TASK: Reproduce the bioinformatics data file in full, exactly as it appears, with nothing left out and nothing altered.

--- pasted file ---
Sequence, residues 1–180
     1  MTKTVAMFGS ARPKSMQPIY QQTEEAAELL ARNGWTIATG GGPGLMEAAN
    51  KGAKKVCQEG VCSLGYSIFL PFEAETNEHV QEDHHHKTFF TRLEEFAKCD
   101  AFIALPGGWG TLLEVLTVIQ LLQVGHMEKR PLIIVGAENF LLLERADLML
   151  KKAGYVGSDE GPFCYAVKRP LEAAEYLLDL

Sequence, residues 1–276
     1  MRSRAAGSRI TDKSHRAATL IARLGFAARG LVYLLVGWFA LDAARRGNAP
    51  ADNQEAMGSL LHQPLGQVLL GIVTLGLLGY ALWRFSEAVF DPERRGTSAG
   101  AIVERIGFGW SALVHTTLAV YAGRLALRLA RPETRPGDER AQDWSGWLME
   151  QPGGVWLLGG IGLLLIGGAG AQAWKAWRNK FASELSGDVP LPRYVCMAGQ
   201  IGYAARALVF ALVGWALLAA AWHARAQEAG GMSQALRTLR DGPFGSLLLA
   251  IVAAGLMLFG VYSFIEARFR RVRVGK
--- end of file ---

Sequence, residues 1–180
     1  MTKTVAMFGS ARPKSMQPIY QQTEEAAELL ARNGWTIATG GGPGLMEAAN
    51  KGAKKVCQEG VCSLGYSIFL PFEAETNEHV QEDHHHKTFF TRLEEFAKCD
   101  AFIALPGGWG TLLEVLTVIQ LLQVGHMEKR PLIIVGAENF LLLERADLML
   151  KKAGYVGSDE GPFCYAVKRP LEAAEYLLDL

Sequence, residues 1–276
     1  MRSRAAGSRI TDKSHRAATL IARLGFAARG LVYLLVGWFA LDAARRGNAP
    51  ADNQEAMGSL LHQPLGQVLL GIVTLGLLGY ALWRFSEAVF DPERRGTSAG
   101  AIVERIGFGW SALVHTTLAV YAGRLALRLA RPETRPGDER AQDWSGWLME
   151  QPGGVWLLGG IGLLLIGGAG AQAWKAWRNK FASELSGDVP LPRYVCMAGQ
   201  IGYAARALVF ALVGWALLAA AWHARAQEAG GMSQALRTLR DGPFGSLLLA
   251  IVAAGLMLFG VYSFIEARFR RVRVGK